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the experience of reading in Britain, from 1450 to 1945...

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Record Number: 9953


Reading Experience:

Evidence:

[Item transcribed into a commonplace book]: Title = 'Epitaph on an idiot'; Text = 'If innocence has its reward in heaven/ And God but little asks, where little's given/The wise Creator has for thee in store/ Great joys!-what wise man can ask more?'

Century:

1800-1849, 1850-1899

Date:

Between 1 Jan 1810 and 31 Dec 1871

Country:

n/a

Time

n/a

Place:

n/a

Type of Experience
(Reader):
 

silent aloud unknown
solitary in company unknown
single serial unknown

Type of Experience
(Listener):
 

solitary in company unknown
single serial unknown


Reader / Listener / Reading Group:

Reader:

Magdalene Sharpe- Erskine

Age:

Adult (18-100+)

Gender:

Female

Date of Birth:

1787

Socio-Economic Group:

Gentry

Occupation:

Daughter of Scottish landowning family

Religion:

Anglican

Country of Origin:

Scotland

Country of Experience:

n/a

Listeners present if any:
e.g family, servants, friends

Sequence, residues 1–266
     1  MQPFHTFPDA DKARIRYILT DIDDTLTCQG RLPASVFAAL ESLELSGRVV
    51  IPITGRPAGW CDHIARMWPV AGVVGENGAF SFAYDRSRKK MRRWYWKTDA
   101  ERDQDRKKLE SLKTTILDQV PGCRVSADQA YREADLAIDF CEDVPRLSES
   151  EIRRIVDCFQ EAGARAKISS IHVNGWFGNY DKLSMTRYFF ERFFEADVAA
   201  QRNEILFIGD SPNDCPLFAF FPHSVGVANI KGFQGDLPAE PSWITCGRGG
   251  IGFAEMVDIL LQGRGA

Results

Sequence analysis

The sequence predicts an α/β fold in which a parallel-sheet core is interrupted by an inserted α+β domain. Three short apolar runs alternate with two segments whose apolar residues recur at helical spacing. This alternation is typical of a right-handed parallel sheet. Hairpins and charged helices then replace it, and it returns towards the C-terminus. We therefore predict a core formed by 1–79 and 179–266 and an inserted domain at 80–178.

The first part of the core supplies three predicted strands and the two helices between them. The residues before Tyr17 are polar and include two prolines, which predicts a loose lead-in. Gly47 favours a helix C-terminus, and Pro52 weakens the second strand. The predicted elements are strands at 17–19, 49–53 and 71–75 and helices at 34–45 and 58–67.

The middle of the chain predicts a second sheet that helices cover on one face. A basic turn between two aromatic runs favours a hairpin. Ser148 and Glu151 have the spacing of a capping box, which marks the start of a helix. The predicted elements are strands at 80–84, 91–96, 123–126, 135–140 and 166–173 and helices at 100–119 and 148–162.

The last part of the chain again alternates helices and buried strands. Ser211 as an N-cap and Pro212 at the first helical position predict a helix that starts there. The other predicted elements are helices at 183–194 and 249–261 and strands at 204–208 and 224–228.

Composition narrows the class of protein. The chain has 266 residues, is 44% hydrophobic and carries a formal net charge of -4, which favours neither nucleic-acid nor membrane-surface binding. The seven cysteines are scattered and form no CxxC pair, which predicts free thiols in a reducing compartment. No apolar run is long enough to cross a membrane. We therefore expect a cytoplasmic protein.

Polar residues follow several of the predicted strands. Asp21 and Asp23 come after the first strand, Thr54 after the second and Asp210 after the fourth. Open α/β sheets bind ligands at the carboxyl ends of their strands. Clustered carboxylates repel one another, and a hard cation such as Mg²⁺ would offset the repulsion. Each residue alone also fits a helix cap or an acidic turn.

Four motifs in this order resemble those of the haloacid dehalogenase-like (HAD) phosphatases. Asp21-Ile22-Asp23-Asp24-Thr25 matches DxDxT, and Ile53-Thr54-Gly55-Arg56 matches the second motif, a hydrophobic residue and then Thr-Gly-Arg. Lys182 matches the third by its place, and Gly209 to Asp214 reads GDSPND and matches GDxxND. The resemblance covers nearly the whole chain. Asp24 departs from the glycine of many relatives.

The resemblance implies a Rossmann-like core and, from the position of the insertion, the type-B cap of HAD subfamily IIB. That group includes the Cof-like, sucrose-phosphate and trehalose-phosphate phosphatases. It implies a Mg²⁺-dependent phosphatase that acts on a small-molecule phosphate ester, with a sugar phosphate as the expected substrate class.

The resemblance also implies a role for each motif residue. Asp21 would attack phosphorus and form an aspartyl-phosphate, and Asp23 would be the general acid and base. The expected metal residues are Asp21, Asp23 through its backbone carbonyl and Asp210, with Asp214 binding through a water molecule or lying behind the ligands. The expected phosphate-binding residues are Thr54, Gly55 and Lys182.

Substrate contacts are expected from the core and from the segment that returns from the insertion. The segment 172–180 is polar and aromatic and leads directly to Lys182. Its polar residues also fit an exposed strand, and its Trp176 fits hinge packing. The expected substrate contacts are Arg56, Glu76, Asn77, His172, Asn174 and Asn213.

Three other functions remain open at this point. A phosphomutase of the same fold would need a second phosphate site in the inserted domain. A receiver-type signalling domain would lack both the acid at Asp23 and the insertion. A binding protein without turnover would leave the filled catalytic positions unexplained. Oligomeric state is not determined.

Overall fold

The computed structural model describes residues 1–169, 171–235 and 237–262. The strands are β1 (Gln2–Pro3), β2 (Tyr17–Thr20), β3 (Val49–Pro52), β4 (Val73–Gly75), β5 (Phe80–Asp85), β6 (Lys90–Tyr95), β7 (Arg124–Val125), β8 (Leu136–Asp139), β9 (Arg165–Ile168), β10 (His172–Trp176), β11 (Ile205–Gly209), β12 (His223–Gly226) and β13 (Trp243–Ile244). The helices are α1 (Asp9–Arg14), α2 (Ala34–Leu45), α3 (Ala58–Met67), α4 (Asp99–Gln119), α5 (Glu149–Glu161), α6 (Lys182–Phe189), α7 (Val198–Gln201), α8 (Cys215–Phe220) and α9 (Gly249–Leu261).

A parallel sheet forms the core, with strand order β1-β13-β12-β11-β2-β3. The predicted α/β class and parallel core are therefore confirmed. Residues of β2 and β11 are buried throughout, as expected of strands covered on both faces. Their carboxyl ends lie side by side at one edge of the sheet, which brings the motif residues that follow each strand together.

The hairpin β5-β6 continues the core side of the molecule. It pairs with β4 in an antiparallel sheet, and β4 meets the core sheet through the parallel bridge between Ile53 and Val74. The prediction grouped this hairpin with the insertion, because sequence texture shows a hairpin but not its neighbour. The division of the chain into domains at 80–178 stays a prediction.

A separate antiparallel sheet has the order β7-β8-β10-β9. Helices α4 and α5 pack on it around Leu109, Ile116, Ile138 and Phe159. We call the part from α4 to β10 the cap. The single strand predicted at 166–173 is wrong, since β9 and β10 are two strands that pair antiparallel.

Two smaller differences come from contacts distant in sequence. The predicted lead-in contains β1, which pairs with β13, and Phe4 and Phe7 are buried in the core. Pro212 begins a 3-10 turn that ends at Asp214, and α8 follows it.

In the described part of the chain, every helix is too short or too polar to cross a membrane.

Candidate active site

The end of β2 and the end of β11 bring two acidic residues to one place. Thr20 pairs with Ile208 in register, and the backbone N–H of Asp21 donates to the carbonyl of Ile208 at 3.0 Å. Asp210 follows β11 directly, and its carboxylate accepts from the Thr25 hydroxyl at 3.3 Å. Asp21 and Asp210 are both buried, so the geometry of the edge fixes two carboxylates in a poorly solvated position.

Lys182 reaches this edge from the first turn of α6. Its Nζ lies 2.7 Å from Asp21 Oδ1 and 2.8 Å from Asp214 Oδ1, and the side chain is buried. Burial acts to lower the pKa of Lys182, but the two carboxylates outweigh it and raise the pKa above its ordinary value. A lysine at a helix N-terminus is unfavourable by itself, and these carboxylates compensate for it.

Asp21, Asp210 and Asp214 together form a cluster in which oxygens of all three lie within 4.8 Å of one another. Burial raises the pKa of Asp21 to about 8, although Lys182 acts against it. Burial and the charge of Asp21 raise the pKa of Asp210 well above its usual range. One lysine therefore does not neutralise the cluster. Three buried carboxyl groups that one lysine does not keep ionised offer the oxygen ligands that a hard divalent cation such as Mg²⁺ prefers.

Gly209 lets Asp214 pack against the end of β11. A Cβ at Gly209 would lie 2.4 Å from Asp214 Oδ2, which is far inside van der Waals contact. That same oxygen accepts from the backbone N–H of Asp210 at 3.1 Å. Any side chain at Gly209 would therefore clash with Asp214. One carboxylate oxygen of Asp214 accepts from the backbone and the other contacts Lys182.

n/a


Additional Comments:

Identity of reader is tentative



Text Being Read:

Author:

Anon

Title:

Epitaph on an Idiot

Genre:

Poetry

Form of Text:

Print: Unknown

Publication Details

n/a

Provenance

unknown


Source Information:

Record ID:

9953

Source:

Manuscript

Author:

Magdalene Sharpe- Erskine

Title:

Recueil

Location:

Dunimarle Library at Duff House

Call No:

DH LIB 2024

Page/Folio:

Item 4

Citation:

Magdalene Sharpe- Erskine, Recueil Dunimarle Library at Duff House, p. DH LIB 2024, p. Item 4, http://can-red-lec.library.dal.ca/Arts/RED/record_details.php?id=9953, accessed: 27 November 2022


Additional Comments:

A commonplace book containing 69 items, mainly in one hand. On the basis of writing style, nature of contents, dates of entries (1827-1871) and of the material selected (mainly poets from the late 18th to mid-19th century), and the watermark date (1810), the most likely identity of the main hand is Magdalene Sharpe-Erskine, the youngest child of the main generation who collected the Dunimarle Library. Fourteen of the items are exclusively or mainly prose, the rest are poetry. Most are in English. About half the items are given, by the complier, as anonymous and about a third have no title. In each case some 6 have been identified from other sources.

   
   
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